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I am just southwest of Mobile we hit 102 yesterday. Our old a/c never cycled off during the day- temp inside topped out at 81.5. Set point was 78.
Only got to 93 today, but are expecting 103 for W-T-F. Heat index will be around 112? Hope the weatherman is wrong.

Like @Iowegan said above- if the a/c craps out...there will be trouble. My a/c is 17 years old. I priced a new one last summer and got a range of 8-10k$. That hurts to even think about. May have to consider a few window units- til I can hit the lotto or something?
 

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My daughter took my wife and I out for a tasty Mexican lunch. When we got home, the house was hot. It was 94 deg outside and 85 deg inside. Seems the compressor on the AC took a crap and none of the local AC services were available on this Sunday Juneteenth holiday. We are holed up in the basement where it is 75 deg .... bearable but not as cool as we like. Here's hoping the AC repairman gets here tomorrow morning. I just got my Buick AC repaired last week. The GM dealer soaked me $1800+ for a new condenser, labor, and coolant.
I don't know if there are any medical conditions, but in recent years, the A/C repair folks put us at the top of the list as my late wife was a heart patient. Just a consideration.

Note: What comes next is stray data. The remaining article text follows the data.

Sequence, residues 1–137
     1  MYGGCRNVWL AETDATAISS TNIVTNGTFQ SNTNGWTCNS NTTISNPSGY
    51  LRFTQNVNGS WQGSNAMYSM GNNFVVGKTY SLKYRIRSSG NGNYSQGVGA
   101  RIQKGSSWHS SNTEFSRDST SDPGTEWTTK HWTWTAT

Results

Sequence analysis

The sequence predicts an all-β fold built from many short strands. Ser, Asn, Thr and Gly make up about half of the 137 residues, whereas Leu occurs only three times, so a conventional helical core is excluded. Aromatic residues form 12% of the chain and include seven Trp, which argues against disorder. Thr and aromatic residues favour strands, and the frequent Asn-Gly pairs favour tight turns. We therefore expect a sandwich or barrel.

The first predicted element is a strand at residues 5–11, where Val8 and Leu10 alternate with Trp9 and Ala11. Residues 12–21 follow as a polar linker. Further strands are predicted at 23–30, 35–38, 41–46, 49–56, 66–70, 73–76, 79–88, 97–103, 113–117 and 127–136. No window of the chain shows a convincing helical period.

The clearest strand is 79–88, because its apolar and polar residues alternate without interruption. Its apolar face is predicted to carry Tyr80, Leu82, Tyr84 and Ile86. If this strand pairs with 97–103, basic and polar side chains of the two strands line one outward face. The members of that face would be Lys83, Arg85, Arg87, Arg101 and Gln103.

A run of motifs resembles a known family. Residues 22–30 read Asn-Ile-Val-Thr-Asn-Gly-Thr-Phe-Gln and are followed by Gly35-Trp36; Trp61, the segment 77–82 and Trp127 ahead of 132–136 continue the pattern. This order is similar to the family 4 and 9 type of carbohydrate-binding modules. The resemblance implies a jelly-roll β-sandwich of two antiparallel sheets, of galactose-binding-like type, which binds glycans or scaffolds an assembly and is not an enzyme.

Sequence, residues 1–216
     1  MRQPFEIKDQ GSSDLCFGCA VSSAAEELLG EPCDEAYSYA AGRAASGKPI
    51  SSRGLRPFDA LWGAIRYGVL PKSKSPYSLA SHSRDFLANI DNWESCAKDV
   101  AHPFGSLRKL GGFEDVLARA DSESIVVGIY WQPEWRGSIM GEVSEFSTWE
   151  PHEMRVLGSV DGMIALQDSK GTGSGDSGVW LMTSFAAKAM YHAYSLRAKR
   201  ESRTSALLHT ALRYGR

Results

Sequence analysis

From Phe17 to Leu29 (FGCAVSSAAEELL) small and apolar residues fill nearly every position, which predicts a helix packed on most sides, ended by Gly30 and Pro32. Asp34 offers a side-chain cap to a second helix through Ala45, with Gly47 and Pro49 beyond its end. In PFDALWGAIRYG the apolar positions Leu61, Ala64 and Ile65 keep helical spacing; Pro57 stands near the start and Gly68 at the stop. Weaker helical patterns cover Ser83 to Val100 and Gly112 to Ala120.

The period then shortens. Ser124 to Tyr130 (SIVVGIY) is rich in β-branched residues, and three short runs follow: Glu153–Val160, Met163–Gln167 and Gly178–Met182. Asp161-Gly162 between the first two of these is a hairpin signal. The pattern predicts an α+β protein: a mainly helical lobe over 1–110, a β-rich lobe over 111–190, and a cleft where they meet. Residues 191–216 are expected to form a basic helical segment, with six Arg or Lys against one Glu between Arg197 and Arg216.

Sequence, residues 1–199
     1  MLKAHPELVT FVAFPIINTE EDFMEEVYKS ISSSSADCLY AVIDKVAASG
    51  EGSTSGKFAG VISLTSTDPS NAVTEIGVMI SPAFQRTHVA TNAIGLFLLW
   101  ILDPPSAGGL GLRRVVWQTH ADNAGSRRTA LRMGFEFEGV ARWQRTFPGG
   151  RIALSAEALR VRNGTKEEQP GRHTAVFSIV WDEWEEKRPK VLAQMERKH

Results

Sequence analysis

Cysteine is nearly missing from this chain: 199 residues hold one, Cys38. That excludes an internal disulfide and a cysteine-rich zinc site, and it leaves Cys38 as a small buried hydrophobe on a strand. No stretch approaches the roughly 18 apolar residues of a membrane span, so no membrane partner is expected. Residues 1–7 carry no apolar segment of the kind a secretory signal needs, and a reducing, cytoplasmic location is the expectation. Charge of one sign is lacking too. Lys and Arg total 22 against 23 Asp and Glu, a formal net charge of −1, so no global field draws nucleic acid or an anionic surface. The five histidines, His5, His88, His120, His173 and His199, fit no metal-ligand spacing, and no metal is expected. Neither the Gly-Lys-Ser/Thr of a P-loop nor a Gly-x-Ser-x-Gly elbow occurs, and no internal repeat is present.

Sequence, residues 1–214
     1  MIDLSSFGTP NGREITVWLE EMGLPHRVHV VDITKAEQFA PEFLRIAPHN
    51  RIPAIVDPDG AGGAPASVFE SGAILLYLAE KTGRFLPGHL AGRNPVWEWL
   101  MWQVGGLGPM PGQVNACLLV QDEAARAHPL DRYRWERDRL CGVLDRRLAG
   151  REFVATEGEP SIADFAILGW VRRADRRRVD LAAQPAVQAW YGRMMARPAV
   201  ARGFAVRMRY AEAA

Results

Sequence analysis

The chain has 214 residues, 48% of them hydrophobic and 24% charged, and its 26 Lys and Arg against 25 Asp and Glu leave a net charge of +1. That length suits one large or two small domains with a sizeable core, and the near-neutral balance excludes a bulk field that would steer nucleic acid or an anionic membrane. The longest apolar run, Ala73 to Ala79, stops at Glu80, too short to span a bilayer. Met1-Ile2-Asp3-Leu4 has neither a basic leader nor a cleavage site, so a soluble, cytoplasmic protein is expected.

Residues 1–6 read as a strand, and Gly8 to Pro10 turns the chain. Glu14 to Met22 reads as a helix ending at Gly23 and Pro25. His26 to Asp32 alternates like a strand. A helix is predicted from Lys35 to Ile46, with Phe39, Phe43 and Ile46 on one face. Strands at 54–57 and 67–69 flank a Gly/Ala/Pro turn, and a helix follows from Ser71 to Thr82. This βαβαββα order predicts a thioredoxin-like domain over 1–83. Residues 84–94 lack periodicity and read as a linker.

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OTHERS: I was stationed in the Azores (Lajes) for 15 months. Each February, "the winds" came. I spent two Februaries there. My quarters (Bachelor Officers' Quarters - BOQ) was one of three remaining from the previous Feb. Fortunately my quarters were on the "leeward" side both years, but the Venetian Blinds still bounced about, even thought the windows were sealed/painted shut. All that remained of the building just up hill was a foundation/concrete slab when I arrived.

As an Army logistician, one of my many jobs was tracking of shipments to the island. One of the key "items of interest" from the supported community (USAF, USN, USA) was a replacement anemometer for the Air Base control tower. Its last recorded sustained reading (before it blew away) was 152 knots (175 MPH). That control tower was close to my BOQ. Evacuations of the tower were frequent.

Discussing this with the USAF Air Base Group commander, this was a recurring loss and the USAF was griping about why there was an "increased" consumption of anemometers at that location as compared to other bases.

My first "February" occurred as we Army guys were being "inspected" by a bi-annual IG from our higher HQs in Bayonne. Their flight here was very bad and had to wait (while being kept inside the 727 charter/channel aircraft in St. John's, Newfoundland) for about 12 hours awaiting a 4-hour projected "clear weather" report from the Azores.